Today’s guest picture shows a friendly squirrel which approached my sister Mary in the hope of a snack.
After yesterday’s gloomy and damp afternoon, I was more than pleased to wake up to this view from the bedroom window this morning.
After breakfast (and a little lie down to get my strength up), I looked out of the kitchen window….
…to see some visitors….
..and then set off to climb up to the monument to enjoy the snowscape.
It didn’t take me long to be able to look back over the town.
My route ahead was a challenge.
But I plugged away and in the course of time was able to enjoy the views from the top of the hill. I looked east into the Tarras valley….
…and north up the Ewes valley.
I would have liked to linger a little longer but there was a brisk and biting north easterly wind blowing…
…so I was soon on my way back down amid the snow covered tussocks.
Luckily I had my Yaktrax in my pocket and I put them on for the downhill section. They were useful and I leapt from boulder to tussock with great confidence.
Near the end, I walked down the golf course which wasn’t looking quite as green as it was yesterday…
…and got home in time for lunch. I was very grateful for my new knee as I wouldn’t have been able to contemplate this walk last year.
I had time to look out of the window again….
…before I had to go off to see the dentist for a routine check up. Sadly, I am going to have to go back and see him again soon.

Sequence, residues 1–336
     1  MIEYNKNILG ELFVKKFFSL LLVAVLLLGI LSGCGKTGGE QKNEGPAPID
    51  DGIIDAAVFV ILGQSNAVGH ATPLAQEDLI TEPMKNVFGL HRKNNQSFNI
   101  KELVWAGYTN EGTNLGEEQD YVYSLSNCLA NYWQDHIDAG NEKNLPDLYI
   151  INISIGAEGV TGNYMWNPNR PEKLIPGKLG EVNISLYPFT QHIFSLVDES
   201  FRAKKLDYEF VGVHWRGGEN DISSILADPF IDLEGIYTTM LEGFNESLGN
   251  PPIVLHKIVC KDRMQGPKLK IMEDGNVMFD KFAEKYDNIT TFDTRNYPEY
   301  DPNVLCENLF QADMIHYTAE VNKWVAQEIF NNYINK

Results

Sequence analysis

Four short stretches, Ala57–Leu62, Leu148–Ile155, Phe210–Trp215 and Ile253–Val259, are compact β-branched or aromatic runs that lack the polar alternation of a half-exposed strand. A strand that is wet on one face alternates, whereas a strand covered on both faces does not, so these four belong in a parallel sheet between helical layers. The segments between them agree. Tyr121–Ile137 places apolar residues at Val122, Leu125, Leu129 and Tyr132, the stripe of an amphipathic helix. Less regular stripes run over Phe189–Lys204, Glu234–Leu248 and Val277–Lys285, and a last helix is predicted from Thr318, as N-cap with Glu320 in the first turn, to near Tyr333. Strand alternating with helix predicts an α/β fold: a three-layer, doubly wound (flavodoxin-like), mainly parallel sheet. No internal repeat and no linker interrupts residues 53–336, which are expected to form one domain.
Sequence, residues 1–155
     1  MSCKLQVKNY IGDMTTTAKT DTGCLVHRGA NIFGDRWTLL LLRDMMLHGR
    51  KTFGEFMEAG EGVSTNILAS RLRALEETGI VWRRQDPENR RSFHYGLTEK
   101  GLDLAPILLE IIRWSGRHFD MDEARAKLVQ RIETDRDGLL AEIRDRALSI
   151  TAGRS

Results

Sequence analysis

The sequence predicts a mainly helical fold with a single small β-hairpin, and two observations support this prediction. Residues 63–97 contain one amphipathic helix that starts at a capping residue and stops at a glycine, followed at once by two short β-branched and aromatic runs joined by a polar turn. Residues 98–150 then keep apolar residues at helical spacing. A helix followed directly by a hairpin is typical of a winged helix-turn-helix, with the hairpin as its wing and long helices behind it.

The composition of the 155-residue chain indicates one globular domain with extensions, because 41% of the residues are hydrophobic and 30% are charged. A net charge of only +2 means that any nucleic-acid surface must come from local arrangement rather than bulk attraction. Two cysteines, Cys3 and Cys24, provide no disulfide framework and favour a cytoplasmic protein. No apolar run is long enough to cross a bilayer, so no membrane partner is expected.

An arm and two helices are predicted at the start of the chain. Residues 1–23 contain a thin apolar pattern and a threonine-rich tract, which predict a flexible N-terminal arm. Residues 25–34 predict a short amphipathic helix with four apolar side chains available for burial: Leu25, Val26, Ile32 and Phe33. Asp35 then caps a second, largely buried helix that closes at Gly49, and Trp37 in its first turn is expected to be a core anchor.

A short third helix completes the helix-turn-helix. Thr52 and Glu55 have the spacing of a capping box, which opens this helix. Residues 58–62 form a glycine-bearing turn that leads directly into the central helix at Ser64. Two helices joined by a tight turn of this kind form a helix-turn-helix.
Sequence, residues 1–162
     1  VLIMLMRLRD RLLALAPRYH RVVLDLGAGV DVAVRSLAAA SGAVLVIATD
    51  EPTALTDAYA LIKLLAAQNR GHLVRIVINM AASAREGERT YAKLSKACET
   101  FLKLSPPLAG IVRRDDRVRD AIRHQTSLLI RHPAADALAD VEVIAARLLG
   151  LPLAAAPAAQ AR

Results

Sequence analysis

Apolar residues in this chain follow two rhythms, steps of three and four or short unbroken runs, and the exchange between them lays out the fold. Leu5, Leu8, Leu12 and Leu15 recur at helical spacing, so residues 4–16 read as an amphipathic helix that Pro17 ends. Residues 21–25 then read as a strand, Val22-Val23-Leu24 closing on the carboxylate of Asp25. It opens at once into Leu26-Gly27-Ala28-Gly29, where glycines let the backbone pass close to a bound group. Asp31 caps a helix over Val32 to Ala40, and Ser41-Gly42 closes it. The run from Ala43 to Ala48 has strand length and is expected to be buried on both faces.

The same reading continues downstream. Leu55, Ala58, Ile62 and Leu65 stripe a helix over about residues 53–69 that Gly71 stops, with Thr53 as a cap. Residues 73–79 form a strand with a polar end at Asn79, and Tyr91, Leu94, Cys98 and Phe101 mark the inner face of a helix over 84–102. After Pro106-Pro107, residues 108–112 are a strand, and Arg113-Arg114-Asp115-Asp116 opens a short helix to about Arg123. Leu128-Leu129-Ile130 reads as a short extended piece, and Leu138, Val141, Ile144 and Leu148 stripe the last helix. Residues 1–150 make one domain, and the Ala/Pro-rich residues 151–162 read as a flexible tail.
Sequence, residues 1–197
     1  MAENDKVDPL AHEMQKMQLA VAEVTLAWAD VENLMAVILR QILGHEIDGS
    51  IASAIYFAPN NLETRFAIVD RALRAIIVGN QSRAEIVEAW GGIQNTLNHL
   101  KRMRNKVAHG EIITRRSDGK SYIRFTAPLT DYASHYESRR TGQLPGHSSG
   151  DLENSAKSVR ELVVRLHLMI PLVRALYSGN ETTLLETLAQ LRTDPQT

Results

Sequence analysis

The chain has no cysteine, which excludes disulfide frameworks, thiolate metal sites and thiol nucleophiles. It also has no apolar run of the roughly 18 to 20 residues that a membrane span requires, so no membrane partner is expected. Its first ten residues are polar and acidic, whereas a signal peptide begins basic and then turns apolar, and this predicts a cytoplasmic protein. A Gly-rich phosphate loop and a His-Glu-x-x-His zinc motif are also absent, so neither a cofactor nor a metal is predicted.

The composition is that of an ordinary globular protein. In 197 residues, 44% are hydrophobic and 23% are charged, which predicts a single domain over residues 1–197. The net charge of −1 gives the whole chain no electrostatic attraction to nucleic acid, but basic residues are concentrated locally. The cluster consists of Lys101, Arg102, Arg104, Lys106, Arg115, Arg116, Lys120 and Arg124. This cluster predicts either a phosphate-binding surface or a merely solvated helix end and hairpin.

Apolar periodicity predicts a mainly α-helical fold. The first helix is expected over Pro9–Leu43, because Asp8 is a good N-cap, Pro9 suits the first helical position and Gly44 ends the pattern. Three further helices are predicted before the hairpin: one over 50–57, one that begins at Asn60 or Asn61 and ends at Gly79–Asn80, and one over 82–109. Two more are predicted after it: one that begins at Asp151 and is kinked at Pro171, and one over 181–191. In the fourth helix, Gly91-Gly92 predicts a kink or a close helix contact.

It was such a lovely day that when I got back, I persuaded Mrs Tootlepedal to come out for a walk round Gaskell’s.
We noticed a huge and quite old fungus on a tree stump which we have passed many times. It has been hidden until recently by some scrub which has now been cleared.
It was very nice to be out in the sun but we had to keep our eyes down as the tracks and paths were very icy in places. It was a relief to come out on the road at the Auld Stane Bridge where we could look about and walk at the same time.
It was hard to relate my snowy morning walk to the mellow sunshine on the fields beside the road.
..but we had a glimpse of Whita and the golden light as we came back into the town.
Using his advanced tea kettle detector skills, Mike Tinker arrived just as the pot was being filled and enjoyed a slice of Selkirk bannock with his cuppa. He told us that an article in his morning paper had said that the hair frost, which I had seen yesterday, was present in dead branches which had been infected with a certain fungus and this fungus had caused the holes through which the frozen moisture is exuded.
In the evening, we went off to the Ewes SWRI Burns supper where we had an excellent meal, listened to some well delivered speeches, were enthralled by Grace’s renowned recitation of Tam o’ Shanter and generally had a good time. Luke and I played four tunes on our flutes. Luke played very well throughout and I played better for the second pair than I did for the first two. It was incredibly hot in the hall and it took me a bit of time to get the feel right.
It was -4°C when we came out. Definitely a winter’s day today.
The flying bird of the day is a chaffinch.
I owe Evelyn Carlyle a deep apology as I inadvertently put her embroidery into last night’s post upside down. I blame the lateness of the hour, old age and natural stupidity on my part. I have rectified this in the post and put it here the right way up .